Readers reply: are people in the UK more or less honest now than they were 50 years ago?

<span>Photograph: FotoPulp/Alamy</span>
Photograph: FotoPulp/Alamy

Are people in the UK more or less honest now than they were 50 years ago? Peter Scrimshaw

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Readers reply

Asking “Are we getting more dishonest?” next to a picture of Boris Johnson is like asking about the relative strength of gravity beside a picture of a black hole.

I’m sure as a whole we are no more dishonest, it just happens that a man whose well-known disinclination for honesty was allowed to become prime minister and this has soured our current opinion of society as a whole. NeverAFT1983

I think it’s harder to be rude, dishonest or cheat someone you know well or are dealing with in person. When we are dealing with faceless companies online, perhaps we aren’t thinking about the people we are interacting with – often we don’t even get to interact with a person. I think that tempers our moral reactions to a degree. People are more likely to be rude and offensive online than in a face to face situations.

Sometimes, we don’t even recognise our dishonest behaviour for what it is; for instance, the trend of buying clothes online, wearing them for an intended occasion and then returning them. It’s highly dishonest, but feels victimless, because you never interact with anyone. Think of doing the same thing in a small local boutique – I bet a much smaller percentage of people would do that.

In the same vein, I get annoyed when I see big businesses (AKA brands) complaining about the prevalence of shoplifting. I think they have brought a lot of that on themselves by replacing staff with machines and cutting staff pay and benefits. An increase in dishonest behaviour is a predictable consequence of cost-cutting measures that show disrespect for customers and staff. So, yes, I think the more impersonal our society becomes, the more we justify dishonesty as victimless and the more dishonest we become. HonoraM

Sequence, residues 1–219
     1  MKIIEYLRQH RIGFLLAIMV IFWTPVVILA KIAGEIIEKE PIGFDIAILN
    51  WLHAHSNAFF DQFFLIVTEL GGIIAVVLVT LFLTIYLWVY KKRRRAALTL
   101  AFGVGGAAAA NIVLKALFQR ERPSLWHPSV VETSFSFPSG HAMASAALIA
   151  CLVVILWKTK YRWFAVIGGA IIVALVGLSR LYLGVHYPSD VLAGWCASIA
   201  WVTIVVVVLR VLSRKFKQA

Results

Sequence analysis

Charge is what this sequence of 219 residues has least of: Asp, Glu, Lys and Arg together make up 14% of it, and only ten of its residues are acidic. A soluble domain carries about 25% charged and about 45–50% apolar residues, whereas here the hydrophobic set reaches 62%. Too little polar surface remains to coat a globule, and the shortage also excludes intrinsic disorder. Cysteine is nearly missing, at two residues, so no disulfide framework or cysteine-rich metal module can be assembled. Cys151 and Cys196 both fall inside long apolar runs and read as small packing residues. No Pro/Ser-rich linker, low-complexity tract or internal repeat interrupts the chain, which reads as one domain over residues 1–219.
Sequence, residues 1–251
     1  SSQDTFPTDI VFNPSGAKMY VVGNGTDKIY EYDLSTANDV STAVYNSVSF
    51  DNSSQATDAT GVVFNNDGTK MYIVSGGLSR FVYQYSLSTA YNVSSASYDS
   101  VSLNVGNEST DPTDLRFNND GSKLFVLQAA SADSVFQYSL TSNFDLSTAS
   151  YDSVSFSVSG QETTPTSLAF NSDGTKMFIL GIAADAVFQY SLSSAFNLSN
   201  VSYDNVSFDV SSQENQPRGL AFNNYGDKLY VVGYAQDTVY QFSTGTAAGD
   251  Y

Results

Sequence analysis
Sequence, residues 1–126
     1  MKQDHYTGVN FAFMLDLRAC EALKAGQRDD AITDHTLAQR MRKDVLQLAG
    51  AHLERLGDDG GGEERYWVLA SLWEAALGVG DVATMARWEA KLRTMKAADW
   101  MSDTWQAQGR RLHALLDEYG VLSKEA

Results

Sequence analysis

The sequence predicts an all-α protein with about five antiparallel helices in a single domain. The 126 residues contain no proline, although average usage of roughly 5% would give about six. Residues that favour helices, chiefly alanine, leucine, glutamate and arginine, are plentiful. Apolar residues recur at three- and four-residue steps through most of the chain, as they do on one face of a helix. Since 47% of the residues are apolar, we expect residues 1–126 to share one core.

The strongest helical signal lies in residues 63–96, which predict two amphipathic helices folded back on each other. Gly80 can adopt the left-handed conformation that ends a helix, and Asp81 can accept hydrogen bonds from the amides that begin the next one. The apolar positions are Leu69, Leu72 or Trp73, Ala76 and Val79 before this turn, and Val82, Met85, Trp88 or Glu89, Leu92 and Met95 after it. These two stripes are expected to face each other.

Someone once said we all have a right to our own opinions, but not our own facts. The problem today is that everyone is tooled up to the nines with their own facts. As a result, if everyone owns their own facts, then who could ever be described as a liar … Splutterer

On the odd time that I am given too much change, or a restaurant has forgot to put a dessert on the bill, I will point that out. I don’t know how many people do the same, but I’d say less than 50%. Quite a lot seem to base morality on what they can safely get away with rather than what’s right and wrong. PeteTheBeat

I don’t know about other people, but I am quite shocked by my own children sometimes. I would like to think I brought them up to be honest – and they certainly don’t spare me their honest opinions – but they have different standards, for sure. It seems to be because they see society as dominated by immoral capitalism. While I don’t suppose they would steal sweets in a corner shop, they have no compunction when it comes to correcting mistakes in a bigger shop, or not declaring correctly where they got on a train when the ticket man comes down the carriage. To me, anything dishonest is bad karma and not worth it. It’s disappointing. damsonjam